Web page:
BALANCING BUSINESS NEEDS AND PERSONAL WEALTH

Aligning the Finances of Business and Family

Your family business is much more than a career; it’s the culmination of a lifetime’s worth of passion, commitment, late nights and working weekends. There’s no question that the responsibilities and demands of running a business can be all-consuming. So many people – from clients and suppliers to your employees and their families – depend on the critical decisions you make every day.

 

 

 

The Path to Debt-Free Graduates

According to its most recent survey of college pricing, the College Board estimates that an “average” four-year private university degree now costs $197,280, with that amount expected to double by 2030. As a result, more than two-thirds (68%) of today’s graduates are entering the workforce with college loan debt, and the average outstanding debt amount per student exceeds $30,000.1

 

 

 

Important 2017 Tax Deadlines

Set forth below are a variety of tax deadlines that may apply to you in 2017. As always, please check with your tax advisor before taking action or failing to take action with regard to any of the items listed below. Also, please note that this is not a complete list of all tax deadlines and you should touch base with your tax advisor as there may be other deadlines that pertain to your personal tax situation.

 

 

How to Be Generous…

...With Your Family and Yourself

We frequently work with clients who are inter­ested in financially assisting the younger gen­erations in their family. This may mean offering to help children or grandchildren with specific expenses like buying a house, paying college or graduate school expenses, or assisting with new business start-up costs. It may also mean making annual financial gifts to family members or taking your extended family on an annual vacation. Sometimes, a client will find them­selves financially assisting an adult child through a period of unemployment, a divorce, or a medical crisis.

Health Savings Accounts

... Another Valuable Retirement Savings Plan Tool

Are you eligible to open a health savings account (“HSA”)? If yes, and you have not already opened one, you should consider doing so as this type of account is another tax-advan­taged way to save for any medical expenses you will likely have in retirement.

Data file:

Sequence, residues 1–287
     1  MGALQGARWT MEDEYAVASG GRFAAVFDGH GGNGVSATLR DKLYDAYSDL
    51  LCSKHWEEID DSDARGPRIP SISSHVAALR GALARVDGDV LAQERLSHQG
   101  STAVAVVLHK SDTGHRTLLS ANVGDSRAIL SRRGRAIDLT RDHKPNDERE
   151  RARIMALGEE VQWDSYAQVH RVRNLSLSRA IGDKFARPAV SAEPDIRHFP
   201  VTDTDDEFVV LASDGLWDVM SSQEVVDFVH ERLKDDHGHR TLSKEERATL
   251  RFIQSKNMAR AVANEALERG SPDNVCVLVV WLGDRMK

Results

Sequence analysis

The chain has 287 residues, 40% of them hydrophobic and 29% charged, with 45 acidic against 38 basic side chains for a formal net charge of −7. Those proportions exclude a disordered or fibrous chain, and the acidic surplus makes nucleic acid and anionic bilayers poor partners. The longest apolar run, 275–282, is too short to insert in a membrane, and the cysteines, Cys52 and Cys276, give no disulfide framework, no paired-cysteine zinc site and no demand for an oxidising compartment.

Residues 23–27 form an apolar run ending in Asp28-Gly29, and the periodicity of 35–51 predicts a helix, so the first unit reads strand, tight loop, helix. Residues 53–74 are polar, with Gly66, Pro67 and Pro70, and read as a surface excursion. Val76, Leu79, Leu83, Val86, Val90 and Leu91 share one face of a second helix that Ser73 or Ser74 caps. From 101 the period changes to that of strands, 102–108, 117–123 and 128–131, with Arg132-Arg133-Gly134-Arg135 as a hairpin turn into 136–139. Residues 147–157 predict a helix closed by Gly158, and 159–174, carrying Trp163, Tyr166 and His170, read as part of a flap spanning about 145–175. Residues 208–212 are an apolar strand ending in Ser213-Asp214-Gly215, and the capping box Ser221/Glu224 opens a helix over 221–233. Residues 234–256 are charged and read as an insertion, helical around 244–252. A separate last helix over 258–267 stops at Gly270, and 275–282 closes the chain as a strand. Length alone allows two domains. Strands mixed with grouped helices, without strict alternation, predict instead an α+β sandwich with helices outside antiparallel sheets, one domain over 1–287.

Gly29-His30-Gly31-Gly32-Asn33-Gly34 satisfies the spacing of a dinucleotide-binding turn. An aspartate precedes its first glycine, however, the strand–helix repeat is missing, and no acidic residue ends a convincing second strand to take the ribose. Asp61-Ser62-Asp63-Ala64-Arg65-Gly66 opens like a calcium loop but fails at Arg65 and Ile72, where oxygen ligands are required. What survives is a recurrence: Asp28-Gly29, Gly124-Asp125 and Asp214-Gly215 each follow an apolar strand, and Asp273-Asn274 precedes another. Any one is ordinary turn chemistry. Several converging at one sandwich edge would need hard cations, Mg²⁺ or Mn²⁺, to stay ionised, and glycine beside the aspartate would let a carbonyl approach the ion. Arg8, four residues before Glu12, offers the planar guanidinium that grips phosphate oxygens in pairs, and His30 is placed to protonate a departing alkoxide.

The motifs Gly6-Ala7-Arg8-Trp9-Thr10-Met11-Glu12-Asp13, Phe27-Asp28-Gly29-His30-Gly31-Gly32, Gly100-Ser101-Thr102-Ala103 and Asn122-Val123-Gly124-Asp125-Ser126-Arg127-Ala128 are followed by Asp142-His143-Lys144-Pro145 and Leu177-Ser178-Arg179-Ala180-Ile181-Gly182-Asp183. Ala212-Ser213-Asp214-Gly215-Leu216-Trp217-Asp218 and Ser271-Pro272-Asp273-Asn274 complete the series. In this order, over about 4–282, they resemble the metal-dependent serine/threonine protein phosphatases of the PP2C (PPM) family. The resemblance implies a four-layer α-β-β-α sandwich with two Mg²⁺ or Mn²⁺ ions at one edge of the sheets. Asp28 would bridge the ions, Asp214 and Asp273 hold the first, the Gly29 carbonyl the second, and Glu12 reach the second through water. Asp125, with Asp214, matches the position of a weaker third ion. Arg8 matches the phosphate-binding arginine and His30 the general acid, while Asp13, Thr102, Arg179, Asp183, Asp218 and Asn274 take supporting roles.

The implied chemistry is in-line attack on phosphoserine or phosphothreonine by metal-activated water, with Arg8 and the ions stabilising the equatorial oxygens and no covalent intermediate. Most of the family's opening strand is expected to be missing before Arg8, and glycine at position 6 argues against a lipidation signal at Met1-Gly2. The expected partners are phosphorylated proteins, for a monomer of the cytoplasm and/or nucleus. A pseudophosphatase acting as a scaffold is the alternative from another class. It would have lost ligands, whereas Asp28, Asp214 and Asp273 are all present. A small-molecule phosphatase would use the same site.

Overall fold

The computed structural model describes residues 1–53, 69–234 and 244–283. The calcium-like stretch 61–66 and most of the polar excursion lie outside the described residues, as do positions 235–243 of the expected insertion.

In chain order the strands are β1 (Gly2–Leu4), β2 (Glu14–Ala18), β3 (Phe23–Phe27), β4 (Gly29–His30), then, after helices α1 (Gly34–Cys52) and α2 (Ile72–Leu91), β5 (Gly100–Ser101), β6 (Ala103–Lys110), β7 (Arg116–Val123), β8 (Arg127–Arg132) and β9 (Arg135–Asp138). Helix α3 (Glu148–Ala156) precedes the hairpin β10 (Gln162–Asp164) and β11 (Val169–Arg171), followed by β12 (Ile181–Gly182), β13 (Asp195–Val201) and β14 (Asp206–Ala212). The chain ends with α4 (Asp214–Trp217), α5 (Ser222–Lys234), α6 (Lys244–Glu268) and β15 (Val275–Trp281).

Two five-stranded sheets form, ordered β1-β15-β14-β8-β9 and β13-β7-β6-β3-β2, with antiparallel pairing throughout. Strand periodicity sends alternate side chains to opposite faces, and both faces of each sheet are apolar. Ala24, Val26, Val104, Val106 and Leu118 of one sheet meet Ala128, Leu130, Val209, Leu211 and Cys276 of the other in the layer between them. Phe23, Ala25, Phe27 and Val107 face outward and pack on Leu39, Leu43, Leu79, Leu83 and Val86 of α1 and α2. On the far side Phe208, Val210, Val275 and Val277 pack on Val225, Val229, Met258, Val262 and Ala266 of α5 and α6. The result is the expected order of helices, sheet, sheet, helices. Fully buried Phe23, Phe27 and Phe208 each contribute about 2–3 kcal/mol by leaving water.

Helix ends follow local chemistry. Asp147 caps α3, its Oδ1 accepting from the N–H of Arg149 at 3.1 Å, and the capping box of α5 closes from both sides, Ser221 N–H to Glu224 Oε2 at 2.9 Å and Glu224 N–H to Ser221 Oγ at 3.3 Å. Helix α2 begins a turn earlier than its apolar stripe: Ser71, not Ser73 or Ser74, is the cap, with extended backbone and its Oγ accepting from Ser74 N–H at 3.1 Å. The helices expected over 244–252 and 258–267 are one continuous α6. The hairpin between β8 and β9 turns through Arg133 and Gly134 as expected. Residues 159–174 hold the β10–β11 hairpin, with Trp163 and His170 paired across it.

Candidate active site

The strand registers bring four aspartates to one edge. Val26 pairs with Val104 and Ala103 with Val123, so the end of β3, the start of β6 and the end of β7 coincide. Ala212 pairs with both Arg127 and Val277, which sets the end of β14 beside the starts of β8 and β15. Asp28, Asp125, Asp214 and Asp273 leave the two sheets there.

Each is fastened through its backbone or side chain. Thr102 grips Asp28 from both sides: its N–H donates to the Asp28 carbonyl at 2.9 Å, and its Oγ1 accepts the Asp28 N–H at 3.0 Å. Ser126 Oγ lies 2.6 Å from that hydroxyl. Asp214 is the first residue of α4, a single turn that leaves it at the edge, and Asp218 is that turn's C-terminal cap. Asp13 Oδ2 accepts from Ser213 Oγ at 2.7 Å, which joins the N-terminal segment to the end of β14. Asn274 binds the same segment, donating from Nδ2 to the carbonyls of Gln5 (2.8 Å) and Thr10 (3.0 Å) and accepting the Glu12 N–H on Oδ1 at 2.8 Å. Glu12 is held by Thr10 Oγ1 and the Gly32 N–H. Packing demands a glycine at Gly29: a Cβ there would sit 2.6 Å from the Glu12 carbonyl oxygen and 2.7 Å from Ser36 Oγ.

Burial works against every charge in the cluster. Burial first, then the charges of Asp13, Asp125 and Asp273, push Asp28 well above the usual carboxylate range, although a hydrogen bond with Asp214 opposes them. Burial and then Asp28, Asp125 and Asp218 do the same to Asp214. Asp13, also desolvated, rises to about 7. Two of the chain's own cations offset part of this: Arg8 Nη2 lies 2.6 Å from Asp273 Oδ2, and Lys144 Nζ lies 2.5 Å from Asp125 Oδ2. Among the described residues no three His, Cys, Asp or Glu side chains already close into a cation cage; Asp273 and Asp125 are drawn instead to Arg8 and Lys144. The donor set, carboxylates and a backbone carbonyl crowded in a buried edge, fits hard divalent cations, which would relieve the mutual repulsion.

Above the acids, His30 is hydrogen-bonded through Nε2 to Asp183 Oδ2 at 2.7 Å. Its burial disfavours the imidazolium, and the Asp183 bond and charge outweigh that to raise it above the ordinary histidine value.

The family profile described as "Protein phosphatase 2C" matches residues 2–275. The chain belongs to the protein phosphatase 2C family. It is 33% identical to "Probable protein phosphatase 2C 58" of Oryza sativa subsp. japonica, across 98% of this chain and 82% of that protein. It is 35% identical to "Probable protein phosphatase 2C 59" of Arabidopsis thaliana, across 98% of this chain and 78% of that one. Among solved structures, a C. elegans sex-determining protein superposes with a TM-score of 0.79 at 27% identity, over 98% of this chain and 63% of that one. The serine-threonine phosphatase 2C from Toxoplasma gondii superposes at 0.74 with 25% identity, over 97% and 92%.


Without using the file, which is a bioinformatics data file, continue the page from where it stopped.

An HSA is a tax exempt account that can be used to pay for medical expenses you or your family may incur. There are three key tax benefits to having an HSA. First, the money going into an HSA is pre-tax (if coming directly from your em­ployer) or tax-deductible (if coming directly from you). Second, any interest, dividends, or other earnings inside your HSA are tax free.

 

Indirect IRA Rollovers

Only One Per 12-month Period

Beginning in 2015, the IRS implemented a new rule regarding IRA rollovers. This rule changes how IRA rollovers are treated for tax purposes in certain instances. According to this new rule, “you can make only one rollover from an IRA to another (or the same) IRA in any 12-month period, regardless of the number of IRAs you own (Announcement 2014-15 and Announce­ment 2014-32). The limit will apply by aggregat­ing all of an individual’s IRAs, including SEP and SIMPLE IRAs as well as traditional and Roth IRAs, effectively treating them as one IRA for purposes of the limit.” (www.irs.gov/retirement-plans/ira-one-rollover-per-year-rule). For example, if you have 3 separate IRA accounts and decide to take some money out of each of these accounts and then “roll” this money into a new 4th IRA ac­count within 60 days, you will have accomplished 3 different rollovers within a 12-month period and thus run afoul of the new rule.

 

Aging Parents: It’s Time to Talk

Does the thought of asking your aging parents about the way they handle their household finances — or how they would feel about moving to a retirement community or assisted living facility — fill you with anxiety? You are not alone.